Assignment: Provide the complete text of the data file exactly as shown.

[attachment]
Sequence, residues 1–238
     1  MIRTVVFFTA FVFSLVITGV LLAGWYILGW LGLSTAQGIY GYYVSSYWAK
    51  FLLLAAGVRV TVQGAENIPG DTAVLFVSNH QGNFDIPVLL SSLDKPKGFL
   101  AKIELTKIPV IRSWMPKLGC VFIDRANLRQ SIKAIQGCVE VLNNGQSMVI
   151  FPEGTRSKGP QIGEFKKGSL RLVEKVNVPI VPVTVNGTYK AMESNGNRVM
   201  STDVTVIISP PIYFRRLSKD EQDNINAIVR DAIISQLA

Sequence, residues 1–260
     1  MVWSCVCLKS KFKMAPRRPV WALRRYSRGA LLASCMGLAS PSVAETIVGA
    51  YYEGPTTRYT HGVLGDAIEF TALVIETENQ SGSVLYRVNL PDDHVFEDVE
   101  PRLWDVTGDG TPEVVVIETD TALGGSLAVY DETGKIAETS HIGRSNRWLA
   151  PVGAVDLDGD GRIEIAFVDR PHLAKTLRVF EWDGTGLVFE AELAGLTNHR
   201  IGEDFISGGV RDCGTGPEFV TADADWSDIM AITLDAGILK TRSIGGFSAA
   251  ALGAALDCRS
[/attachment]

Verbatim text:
Sequence, residues 1–238
     1  MIRTVVFFTA FVFSLVITGV LLAGWYILGW LGLSTAQGIY GYYVSSYWAK
    51  FLLLAAGVRV TVQGAENIPG DTAVLFVSNH QGNFDIPVLL SSLDKPKGFL
   101  AKIELTKIPV IRSWMPKLGC VFIDRANLRQ SIKAIQGCVE VLNNGQSMVI
   151  FPEGTRSKGP QIGEFKKGSL RLVEKVNVPI VPVTVNGTYK AMESNGNRVM
   201  STDVTVIISP PIYFRRLSKD EQDNINAIVR DAIISQLA

Sequence, residues 1–260
     1  MVWSCVCLKS KFKMAPRRPV WALRRYSRGA LLASCMGLAS PSVAETIVGA
    51  YYEGPTTRYT HGVLGDAIEF TALVIETENQ SGSVLYRVNL PDDHVFEDVE
   101  PRLWDVTGDG TPEVVVIETD TALGGSLAVY DETGKIAETS HIGRSNRWLA
   151  PVGAVDLDGD GRIEIAFVDR PHLAKTLRVF EWDGTGLVFE AELAGLTNHR
   201  IGEDFISGGV RDCGTGPEFV TADADWSDIM AITLDAGILK TRSIGGFSAA
   251  ALGAALDCRS